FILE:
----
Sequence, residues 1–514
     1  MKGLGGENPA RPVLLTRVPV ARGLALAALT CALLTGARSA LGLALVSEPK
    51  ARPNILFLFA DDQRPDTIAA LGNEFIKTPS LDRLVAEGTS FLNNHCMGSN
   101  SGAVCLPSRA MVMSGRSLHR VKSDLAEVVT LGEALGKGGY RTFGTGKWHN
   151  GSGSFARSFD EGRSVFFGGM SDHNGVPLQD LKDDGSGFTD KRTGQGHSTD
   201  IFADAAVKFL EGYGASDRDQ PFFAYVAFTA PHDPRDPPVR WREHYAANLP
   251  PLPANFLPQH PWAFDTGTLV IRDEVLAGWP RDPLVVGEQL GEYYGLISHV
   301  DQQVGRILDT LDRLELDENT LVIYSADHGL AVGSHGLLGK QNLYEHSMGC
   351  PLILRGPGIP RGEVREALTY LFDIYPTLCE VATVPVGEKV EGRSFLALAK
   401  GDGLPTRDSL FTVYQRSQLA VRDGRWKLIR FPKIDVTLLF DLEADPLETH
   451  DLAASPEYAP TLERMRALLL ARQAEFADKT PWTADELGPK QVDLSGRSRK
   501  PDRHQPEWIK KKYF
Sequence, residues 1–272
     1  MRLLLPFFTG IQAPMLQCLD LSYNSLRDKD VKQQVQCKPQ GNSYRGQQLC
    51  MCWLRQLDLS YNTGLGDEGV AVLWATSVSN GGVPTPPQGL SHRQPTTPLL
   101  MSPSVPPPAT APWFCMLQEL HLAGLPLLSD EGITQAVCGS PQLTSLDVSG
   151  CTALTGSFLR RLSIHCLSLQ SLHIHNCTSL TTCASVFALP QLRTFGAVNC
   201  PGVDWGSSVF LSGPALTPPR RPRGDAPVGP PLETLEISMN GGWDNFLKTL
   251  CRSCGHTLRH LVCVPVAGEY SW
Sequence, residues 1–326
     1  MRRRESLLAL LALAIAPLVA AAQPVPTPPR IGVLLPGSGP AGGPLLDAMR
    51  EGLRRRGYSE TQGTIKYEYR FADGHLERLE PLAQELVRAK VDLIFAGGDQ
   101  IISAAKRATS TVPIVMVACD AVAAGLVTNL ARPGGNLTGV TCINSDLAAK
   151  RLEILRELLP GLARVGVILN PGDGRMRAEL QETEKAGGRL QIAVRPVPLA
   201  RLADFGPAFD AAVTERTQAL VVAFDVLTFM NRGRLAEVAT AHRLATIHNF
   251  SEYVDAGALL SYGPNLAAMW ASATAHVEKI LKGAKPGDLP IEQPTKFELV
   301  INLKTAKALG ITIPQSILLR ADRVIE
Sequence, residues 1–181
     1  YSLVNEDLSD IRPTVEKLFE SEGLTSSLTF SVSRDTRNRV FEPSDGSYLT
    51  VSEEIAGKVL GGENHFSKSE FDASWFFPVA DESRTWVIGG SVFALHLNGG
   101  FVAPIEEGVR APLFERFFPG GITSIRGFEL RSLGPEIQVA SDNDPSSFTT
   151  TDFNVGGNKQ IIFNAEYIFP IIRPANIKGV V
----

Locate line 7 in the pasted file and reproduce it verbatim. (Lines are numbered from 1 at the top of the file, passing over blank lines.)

   251  PLPANFLPQH PWAFDTGTLV IRDEVLAGWP RDPLVVGEQL GEYYGLISHV